The Wrythe

The Wrythe, Sutton

A combination of council estate and conservation area situated at Carshalton’s northern cusp

Wrythe Green - geograph-2897515-by-Dr-Neil-Clifton

The name was first recorded as ‘Rithe’ in 1229, and later misspelt as ‘Rye’. It did not gain an initial ‘W’ until the 19th century. A rithe was a small stream, usually one occasioned by heavy rain.

Gravel was extracted here from late medieval times. The area was subject to frequent flooding from an overflowing pond on the west side of Green Wrythe Lane and this may explain why there was so little habit­ation here for so long.

Wrythe Green Newsagents
Wrythe Green Newsagents*

A cottage appeared and disap­peared during the 17th century but the first enduring structure was a workhouse, built in 1792. Later named Leicester House, it went on to serve as a convalescent asylum and then as a succession of private schools. Beyond its grounds the Wrythe was common waste that stretched consid­erably further north than the green does today.

Improvements in drainage in the early 19th century brought the begin­nings of a hamlet at Wrythe Green, which had two dozen dwellings by around 1850. A handful of houses survive from this era and now form the nucleus of the Wrythe Green conser­vation area. The disused Rosehill toll-house was rebuilt here around 1866 and given an extra floor and distinctive herringbone weather­boarding. It was renamed Bedford Cottage, later changed to Woodcote House.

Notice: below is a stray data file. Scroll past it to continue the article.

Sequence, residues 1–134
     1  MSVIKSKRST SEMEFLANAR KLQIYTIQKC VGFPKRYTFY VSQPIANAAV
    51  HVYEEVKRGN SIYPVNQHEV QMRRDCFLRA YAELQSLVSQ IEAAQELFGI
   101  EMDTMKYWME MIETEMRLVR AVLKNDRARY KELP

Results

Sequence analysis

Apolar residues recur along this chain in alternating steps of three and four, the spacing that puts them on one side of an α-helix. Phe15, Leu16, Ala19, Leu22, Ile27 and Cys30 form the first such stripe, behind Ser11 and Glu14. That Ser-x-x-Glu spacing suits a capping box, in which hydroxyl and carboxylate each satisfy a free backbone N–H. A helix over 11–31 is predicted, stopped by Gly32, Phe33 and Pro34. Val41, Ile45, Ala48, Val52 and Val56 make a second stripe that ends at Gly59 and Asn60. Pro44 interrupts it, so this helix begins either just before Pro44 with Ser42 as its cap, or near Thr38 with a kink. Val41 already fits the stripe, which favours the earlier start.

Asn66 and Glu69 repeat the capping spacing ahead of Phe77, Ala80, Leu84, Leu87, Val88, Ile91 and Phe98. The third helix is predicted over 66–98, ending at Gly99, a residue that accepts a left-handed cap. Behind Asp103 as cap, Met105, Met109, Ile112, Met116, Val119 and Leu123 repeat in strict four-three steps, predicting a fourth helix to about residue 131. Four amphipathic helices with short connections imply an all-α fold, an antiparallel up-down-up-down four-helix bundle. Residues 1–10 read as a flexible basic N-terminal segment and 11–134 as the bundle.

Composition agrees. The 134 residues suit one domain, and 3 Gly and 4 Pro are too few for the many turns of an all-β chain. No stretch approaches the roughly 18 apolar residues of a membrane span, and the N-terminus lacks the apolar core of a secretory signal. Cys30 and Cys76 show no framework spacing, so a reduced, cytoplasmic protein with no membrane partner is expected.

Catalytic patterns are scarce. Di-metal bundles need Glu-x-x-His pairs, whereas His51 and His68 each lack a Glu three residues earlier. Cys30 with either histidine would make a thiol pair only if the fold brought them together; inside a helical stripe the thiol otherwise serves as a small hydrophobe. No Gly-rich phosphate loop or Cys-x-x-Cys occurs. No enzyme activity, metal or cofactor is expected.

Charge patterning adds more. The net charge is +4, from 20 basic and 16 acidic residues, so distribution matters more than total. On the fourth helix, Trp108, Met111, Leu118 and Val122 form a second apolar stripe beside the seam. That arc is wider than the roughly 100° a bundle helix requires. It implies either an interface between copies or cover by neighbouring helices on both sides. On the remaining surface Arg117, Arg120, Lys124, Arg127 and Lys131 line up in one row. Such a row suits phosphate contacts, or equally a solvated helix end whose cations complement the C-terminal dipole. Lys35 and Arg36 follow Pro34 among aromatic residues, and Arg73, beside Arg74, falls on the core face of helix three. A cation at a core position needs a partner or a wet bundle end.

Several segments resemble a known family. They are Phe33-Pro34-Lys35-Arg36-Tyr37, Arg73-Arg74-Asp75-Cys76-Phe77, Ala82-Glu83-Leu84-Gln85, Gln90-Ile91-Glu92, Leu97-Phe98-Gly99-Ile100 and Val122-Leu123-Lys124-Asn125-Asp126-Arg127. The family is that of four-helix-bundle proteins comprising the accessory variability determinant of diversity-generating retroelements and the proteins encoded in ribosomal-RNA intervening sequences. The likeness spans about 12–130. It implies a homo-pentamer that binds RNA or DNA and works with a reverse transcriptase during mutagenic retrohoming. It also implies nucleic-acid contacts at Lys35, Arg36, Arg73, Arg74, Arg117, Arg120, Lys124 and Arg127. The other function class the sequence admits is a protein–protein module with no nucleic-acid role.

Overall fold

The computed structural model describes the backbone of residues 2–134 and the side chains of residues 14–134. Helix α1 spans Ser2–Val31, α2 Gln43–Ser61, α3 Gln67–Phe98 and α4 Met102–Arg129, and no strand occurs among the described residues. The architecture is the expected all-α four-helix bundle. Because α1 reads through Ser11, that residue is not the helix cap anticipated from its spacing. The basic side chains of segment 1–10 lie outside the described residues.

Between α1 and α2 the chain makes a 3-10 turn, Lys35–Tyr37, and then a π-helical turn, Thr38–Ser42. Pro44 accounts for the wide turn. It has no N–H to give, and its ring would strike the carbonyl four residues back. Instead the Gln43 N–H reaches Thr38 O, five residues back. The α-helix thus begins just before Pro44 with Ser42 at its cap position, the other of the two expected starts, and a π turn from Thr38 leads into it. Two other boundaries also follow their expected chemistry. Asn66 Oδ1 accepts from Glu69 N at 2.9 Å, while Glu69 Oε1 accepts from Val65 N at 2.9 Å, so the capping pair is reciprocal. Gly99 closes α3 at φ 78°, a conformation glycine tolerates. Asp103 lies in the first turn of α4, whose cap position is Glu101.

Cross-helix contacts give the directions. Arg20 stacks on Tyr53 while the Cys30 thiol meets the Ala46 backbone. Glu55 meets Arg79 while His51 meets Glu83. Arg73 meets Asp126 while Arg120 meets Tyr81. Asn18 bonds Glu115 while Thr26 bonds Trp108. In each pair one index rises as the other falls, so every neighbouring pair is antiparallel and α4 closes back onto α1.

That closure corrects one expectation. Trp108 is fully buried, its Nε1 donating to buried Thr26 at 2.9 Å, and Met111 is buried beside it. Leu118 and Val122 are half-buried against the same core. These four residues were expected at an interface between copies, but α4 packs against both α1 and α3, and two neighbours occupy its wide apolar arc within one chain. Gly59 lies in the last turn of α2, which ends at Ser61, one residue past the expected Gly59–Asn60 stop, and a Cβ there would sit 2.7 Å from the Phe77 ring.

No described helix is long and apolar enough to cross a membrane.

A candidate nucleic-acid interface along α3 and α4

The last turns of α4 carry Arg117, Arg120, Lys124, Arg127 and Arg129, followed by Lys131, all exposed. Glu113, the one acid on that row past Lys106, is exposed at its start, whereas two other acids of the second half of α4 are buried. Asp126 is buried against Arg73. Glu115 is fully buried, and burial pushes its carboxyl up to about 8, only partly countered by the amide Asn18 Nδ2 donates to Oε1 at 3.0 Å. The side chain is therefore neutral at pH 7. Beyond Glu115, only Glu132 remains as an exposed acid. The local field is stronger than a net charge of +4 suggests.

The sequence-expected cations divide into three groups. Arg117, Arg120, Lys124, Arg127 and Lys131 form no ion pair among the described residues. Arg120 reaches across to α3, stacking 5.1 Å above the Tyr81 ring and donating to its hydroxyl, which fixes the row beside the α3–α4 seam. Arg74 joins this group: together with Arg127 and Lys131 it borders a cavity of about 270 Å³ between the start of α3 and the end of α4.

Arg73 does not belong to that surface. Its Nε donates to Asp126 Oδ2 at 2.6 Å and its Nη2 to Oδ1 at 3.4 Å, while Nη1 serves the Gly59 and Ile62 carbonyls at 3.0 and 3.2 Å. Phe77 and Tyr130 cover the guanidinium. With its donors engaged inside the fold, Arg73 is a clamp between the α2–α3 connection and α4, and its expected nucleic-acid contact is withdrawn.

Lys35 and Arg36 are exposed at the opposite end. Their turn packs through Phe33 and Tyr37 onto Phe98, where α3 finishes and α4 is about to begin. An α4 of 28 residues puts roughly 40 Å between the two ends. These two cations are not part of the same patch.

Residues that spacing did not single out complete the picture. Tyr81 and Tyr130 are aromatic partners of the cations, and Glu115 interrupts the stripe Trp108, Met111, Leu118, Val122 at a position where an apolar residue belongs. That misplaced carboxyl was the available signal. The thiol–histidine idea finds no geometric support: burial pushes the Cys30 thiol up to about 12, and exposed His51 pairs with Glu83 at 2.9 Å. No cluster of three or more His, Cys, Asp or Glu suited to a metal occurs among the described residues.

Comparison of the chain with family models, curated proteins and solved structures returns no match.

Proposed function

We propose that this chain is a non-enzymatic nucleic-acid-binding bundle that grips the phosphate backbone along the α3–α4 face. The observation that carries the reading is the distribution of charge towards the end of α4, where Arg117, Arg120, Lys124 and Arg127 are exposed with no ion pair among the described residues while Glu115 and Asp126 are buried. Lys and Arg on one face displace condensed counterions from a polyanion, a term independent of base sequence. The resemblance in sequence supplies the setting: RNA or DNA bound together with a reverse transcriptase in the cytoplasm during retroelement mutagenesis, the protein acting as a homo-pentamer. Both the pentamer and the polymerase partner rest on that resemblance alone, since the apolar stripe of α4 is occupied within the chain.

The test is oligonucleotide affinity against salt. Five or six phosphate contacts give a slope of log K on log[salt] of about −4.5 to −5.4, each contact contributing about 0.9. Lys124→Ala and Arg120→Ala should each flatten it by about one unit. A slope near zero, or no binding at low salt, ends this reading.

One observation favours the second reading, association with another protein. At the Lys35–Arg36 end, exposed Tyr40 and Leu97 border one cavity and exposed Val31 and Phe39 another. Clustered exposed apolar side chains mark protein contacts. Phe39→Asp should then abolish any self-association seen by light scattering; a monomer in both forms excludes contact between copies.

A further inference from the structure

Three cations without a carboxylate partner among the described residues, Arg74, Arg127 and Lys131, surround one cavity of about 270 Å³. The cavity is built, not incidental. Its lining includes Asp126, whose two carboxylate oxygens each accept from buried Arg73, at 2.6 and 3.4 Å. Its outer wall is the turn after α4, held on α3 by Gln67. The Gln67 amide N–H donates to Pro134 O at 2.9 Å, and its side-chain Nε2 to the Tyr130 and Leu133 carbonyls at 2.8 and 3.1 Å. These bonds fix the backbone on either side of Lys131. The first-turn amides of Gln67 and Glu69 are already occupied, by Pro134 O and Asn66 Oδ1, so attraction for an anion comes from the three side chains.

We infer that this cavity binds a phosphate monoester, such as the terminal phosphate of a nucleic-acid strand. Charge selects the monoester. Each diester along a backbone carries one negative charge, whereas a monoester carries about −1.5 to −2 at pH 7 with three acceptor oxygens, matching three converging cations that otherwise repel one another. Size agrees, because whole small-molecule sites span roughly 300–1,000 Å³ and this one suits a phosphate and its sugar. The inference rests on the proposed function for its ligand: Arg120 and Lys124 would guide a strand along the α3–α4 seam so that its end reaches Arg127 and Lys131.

A herb farm operated nearby until after the First World War. Leicester House was vacated in the 1930s and demol­ished after the Second World War owing to its neglected condition – but Woodcote House survived a similar threat and was restored.

The Durand Close council estate was popular with young families when it was built in the 1960s but suffered a decline and was after­wards the subject of a major regen­er­ation programme.

The Wrythe’s residents are relat­ively poor by the borough’s standards and 83 per cent are white, according to the 2011 census.

The Salvation Army’s Carshalton Corps has its church hall on Green Wrythe Lane. In the 1880s the corps held noisy open-air prayer and hymn meetings on Wrythe Green until locals bombarded members with soot, flour and abuse.

Postcode area: Carshalton SM5
Population: 10,163 (2011 census)

 

* The pictures of Wrythe Green and Wrythe Green Newsagents on this page are adapted from original photographs, both copyright Dr Neil Clifton, at Geograph Britain and Ireland, made available under the Attribution-ShareAlike 2.0 Generic Licence. Any subsequent reuse of either image is hereby freely permitted under the terms of that licence.
Dr Clifton draws the viewer’s attention to the ornamental sewer vent pipe in the centre of the top picture. ‘Yelfy’ discourses at length on the subject of Carshalton’s ‘stink pipes’ in a Faded London blog post.